“We’re getting a far greater signal from the ground than expected, and with the photon-counting mission, we’re going to be able to see through the clouds in most areas,” Wagner said. “ICESat-2, we’re hoping, is going to give us a new look at what goes on, especially during the warmest periods.”

This will lead to new insights, considering planes aren’t able to fly below cloud cover, and clouds are more frequent during warmer seasons. The advanced ICESat-2 technique also appears to be able to see through water, mapping heights in streams or reservoirs and in some cases seeing depths down to 30 meters.

“A lot of people will be interested in this data,” Wagner said, adding that groups such as NOAA and the Army Corps of Engineers have already taken notice.

The first ICESat-2 data release is expected to take place in the first half of 2019.


One of the first use cases Finland-based ICEYE explored for its commercial synthetic aperture radar (SAR) satellite constellation was monitoring Arctic conditions in real time, according to company chief scientific officer and co-founder Pekka Laurila.

“A key thing in the Arctic is literally half of the year it’s dark and a majority of the time it’s cloudy,” Laurila said, highlighting why Arctic surveillance is an ideal application for SAR technology, which can “see” through clouds and darkness.

Now that ICEYE has successfully demonstrated the size, cost, and operational formats of its technology with its ICEYE-X1 and ICEYE-X2 satellites, both launched in 2018, the company has set the ambitious goal to multiply its fleet and create “the world’s largest constellation of SAR satellites,” according to Laurila.

Currently, many operations in the Arctic, such as those underway by the oil and gas industry, require 24/7 aircraft monitoring to track sea ice and ensure other safety measures—but flying the aircraft itself can be dangerous.

As the company’s constellation expands and its revisit rates increase, Laurila predicts ICEYE’s technology can begin to replace aircraft-level monitoring within a couple of years.

“Getting the revisit rates to increase to more than once per day starts to bring the majority of these operational use cases into the commercially interesting range,” Laurila said, adding the company aims to “very quickly get to a point where we are talking about mere hours between imaging opportunities.”

This ICEYE-X2 radar satellite image from Prince William Sound in Alaska shows ice flowing to the sea. (Image credit: ICEYE)


In February, Canada’s Department of National Defence (DND) awarded a C$15 million contract to Space Flight Laboratory (SFL) at the University of Toronto Institute for Aerospace Studies to develop multipurpose microsatellites in support of Arctic surveillance.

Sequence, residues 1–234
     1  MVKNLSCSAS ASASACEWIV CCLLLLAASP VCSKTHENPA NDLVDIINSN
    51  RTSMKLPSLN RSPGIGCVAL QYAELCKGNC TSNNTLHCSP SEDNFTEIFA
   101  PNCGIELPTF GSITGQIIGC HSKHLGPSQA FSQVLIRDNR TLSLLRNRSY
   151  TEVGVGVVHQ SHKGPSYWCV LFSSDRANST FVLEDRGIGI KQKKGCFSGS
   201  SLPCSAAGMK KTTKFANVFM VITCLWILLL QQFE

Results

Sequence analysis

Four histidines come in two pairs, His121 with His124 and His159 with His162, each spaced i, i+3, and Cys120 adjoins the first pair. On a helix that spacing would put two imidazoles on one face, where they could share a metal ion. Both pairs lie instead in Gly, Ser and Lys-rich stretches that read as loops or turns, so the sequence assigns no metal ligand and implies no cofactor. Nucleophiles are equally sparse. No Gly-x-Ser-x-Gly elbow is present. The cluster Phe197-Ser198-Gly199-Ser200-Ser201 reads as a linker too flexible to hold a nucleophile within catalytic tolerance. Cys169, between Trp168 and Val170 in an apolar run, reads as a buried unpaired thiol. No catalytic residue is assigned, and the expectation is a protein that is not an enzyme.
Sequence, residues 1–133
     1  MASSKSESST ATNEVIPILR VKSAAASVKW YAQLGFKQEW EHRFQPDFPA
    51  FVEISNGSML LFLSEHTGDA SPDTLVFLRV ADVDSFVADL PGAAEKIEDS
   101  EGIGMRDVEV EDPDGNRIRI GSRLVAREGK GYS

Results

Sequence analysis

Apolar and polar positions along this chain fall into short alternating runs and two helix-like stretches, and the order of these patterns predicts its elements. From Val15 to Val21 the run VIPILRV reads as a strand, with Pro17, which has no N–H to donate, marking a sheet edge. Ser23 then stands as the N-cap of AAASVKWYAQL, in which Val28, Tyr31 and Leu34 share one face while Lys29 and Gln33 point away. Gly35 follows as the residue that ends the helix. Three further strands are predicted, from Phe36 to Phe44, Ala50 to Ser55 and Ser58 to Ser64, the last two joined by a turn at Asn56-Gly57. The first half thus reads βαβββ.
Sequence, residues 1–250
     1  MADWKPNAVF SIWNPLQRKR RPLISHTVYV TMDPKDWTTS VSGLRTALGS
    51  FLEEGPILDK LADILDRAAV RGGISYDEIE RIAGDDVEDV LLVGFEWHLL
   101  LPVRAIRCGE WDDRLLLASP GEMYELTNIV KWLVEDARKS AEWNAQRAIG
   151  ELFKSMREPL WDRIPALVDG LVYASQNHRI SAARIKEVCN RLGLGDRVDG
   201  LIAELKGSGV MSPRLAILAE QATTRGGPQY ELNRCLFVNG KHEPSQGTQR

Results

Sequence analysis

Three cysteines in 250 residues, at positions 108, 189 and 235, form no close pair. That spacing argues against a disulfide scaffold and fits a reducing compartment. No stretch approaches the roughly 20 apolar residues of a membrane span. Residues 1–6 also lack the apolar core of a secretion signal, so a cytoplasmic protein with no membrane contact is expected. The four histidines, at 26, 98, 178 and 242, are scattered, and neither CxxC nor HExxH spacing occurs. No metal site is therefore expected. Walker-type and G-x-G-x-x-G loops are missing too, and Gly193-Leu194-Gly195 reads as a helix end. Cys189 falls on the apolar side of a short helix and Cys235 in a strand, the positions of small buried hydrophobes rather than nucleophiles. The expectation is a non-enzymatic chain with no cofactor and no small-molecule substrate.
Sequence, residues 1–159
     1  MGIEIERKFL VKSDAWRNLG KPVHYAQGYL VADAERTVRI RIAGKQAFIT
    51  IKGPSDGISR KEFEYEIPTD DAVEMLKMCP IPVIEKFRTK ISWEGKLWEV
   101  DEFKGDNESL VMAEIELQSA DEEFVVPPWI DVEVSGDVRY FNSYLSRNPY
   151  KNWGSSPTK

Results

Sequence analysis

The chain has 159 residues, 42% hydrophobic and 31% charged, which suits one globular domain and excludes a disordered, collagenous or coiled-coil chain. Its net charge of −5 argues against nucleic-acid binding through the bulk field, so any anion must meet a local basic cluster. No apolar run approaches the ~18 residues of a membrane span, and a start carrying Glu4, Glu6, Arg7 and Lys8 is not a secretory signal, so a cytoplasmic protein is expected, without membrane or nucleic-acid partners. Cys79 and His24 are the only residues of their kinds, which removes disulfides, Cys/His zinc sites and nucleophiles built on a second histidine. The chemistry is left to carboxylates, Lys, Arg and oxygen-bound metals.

As ice melts in the Arctic, new routes are being created that could enable encroachment by maritime vessels, said Dr. Robert Zee, director of SFL.

“Maintaining Canadian sovereignty and continental security has become increasingly more challenging in the 21st century,” Zee said.

DND’s “Strong, Secure, Engaged” policy outlines various initiatives aimed at enhancing the Canadian Armed Forces’ ability to operate in the Arctic and adapt to a changed security environment, including the development of new technologies to improve surveillance and control.

Following testing of a prototype, SFL will build two additional microsatellites to create a small formation. The microsat constellation will include multiple sensors—primarily imaging and radio frequency—operating in close formation in low-Earth orbit to allow for quick detection and identification of surface or airborne targets.

According to Zee, the Gray Jay Pathfinder project, named after the unofficial bird of Canada, will track commercial airliners and vessels in the far north to demonstrate basic hardware and algorithms that if successful could be enhanced for future operational purposes.

“An operational mission would require bigger, better sensors, equipped to detect high-speed, highly maneuverable weapons,” Zee said, adding that increased intercontinental ballistic missile range and cruise missile maneuverability are growing potential threats.

In May 2018, DND expanded the Canadian Air Defence Identification Zone to cover “the entirety of Canada’s Arctic Archipelago and its approaches,” according to a DND spokesperson.

“Countries like Russia and China may be developing defense systems and technology that will challenge those of NORAD,” Zee continued. “Newer technologies are needed to counter those threats and provide sufficient deterrence.”